The second book came about through a random link click to Tony Robbins’ top three books he recommends; Living Forward was one of them. This book is not for the feint of heart. It is not going to provide a magic bullet or answer. In fact, it will force you to work and take the process seriously if you honestly want to see progress. The premise centres on the idea of a Life Plan drawn up in a way that you can clearly outline actions that will guide you towards the things that are most important in your life. Let’s take an example straight from my own.

Creativity is something I’ve identified as one of the nine priorities in my life (hard to imagine that three years ago; wow). So I go through many of the steps of the book including coming up with my own purpose statement and envisioned future. Essentially identifying what is important to you and why but also what your life looks like in 30-50 years having lived your life full of that very purpose. These may seem simple but there were nine priorities I identified all with a similar structure.

A quote that inspires me by Steve Jobs formed the third part. Something that puts creativity in perspective from one of the greats when it comes to living a life fulfilled and with purpose. Then the smackdown; the current reality of how things are or how I perceive them to be. Insecurities abound as you can see and yet that’s ok. Current reality does not have to equal envisioned future. We’ve learned that along the way from many great books including The Zanders’ Art of Possibility (Possibility) that we have the choice.

Throughout the book, they always push you to be honest with yourself knowing that this is a personal exercise and considering what is at stake. If you feel stuck at any point then you, as Pema notes above, must open up. Specific Commitments comes last and is really the game changer. Think of it as a to-do list for your life. Each priority comes with specific commitments that you make in order to reach that envisioned future. They should follow the principles of a SMART goal (Specific, Measurable, Achievable, Realistic, Time-Based) and align with not only your purpose but work to build on your current reality. Note the post on here once a week. A lofty goal yet clearly attainable if I work at it.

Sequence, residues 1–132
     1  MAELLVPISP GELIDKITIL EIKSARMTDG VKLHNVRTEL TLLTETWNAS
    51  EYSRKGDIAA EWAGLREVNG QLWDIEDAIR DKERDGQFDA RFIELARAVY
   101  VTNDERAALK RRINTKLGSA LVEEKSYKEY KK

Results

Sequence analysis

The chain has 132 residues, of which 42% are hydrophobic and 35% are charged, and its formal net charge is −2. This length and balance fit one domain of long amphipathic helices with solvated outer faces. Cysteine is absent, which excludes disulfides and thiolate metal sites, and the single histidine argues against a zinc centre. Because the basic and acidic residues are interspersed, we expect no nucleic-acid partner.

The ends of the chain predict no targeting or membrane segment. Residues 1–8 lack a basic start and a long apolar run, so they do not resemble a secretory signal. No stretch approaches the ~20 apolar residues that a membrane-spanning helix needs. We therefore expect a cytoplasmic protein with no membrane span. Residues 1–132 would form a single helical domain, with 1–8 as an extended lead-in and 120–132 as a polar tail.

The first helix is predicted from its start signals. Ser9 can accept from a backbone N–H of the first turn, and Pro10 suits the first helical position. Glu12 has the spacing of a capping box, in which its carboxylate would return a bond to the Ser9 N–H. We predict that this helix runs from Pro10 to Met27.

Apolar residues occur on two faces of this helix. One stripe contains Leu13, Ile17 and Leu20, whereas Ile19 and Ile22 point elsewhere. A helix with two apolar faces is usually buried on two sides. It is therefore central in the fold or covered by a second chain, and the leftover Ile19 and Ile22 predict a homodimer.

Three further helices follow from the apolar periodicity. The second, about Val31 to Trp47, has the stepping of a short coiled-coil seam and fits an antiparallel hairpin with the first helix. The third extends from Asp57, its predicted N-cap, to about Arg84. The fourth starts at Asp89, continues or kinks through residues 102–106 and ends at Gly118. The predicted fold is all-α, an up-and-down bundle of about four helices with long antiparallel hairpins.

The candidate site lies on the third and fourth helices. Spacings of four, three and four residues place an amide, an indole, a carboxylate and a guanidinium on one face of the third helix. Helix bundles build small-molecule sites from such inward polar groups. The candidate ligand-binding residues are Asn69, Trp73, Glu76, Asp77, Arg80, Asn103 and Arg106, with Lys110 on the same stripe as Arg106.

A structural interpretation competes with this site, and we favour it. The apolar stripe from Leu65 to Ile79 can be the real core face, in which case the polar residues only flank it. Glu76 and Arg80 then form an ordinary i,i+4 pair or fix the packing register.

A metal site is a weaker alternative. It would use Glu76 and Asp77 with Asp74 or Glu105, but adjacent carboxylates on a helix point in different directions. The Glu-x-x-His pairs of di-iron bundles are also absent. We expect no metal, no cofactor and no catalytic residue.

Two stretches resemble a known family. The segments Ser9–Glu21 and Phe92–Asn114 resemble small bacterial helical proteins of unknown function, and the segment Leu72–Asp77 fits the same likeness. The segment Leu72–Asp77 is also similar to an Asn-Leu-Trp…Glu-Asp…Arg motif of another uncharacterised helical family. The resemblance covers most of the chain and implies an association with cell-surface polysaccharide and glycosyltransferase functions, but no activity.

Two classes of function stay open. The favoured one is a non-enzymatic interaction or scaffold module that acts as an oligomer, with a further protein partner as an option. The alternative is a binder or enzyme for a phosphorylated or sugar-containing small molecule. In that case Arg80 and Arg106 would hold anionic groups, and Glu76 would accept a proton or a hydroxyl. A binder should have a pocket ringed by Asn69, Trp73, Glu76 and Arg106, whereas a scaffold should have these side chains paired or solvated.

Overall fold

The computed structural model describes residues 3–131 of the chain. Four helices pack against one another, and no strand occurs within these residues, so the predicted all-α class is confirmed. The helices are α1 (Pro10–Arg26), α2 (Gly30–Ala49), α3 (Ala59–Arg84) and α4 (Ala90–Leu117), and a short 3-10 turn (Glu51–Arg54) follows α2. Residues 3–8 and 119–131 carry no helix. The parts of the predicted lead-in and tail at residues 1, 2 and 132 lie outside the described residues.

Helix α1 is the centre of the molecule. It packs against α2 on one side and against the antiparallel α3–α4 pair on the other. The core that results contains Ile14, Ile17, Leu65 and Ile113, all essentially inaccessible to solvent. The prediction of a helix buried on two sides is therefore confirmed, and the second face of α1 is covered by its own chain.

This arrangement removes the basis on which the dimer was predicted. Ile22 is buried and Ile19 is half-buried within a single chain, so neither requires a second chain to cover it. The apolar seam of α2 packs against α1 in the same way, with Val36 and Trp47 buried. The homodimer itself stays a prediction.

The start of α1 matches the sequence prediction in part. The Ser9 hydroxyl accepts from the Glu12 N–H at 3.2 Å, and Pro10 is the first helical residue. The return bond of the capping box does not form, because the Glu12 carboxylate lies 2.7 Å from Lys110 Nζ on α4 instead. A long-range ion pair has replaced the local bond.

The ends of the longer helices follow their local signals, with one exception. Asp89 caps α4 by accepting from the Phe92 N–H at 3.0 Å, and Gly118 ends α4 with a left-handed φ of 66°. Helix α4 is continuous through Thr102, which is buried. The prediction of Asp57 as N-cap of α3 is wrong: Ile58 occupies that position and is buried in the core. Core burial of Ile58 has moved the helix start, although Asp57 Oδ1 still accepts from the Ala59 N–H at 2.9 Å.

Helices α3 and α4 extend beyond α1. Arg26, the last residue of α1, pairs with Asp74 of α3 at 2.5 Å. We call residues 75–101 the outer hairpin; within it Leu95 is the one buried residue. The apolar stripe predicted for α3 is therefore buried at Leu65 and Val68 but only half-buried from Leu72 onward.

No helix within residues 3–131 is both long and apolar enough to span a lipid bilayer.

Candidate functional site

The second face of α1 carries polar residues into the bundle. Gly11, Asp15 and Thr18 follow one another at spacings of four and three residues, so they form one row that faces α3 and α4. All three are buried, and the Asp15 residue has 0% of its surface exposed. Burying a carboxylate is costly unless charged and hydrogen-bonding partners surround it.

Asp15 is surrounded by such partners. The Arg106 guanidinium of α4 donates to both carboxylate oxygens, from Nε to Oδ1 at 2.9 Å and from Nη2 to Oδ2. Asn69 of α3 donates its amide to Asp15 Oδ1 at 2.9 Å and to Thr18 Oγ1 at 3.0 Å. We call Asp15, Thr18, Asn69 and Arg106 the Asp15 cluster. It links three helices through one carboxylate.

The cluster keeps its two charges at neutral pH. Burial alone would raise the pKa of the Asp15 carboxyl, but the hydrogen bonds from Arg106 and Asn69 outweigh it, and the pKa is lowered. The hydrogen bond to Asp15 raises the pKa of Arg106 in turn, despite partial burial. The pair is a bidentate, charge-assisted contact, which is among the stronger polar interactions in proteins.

The interesting thing they’d add to this process is to ensure you read the plan daily for 90 days. I’ve found myself missing a day only to return the following day and realising that a priority had slipped my mind and there had been an opportunity to meet one of my commitments that I’d forgotten.  As you can see it’s not a simple process. If you are looking for a good self-development book and don’t want to do the work then I’d say this isn’t worth your time. The book is short and built simply for this process to develop. I can see why Tony Robbins values it so highly, however. To come up with a plan for your life seems simple enough and yet many of us don’t. As important as it is to allow life to flow by us in a mindful way it is important to ensure we are doing our best out in the world and fulfilling our own goals and objectives in life.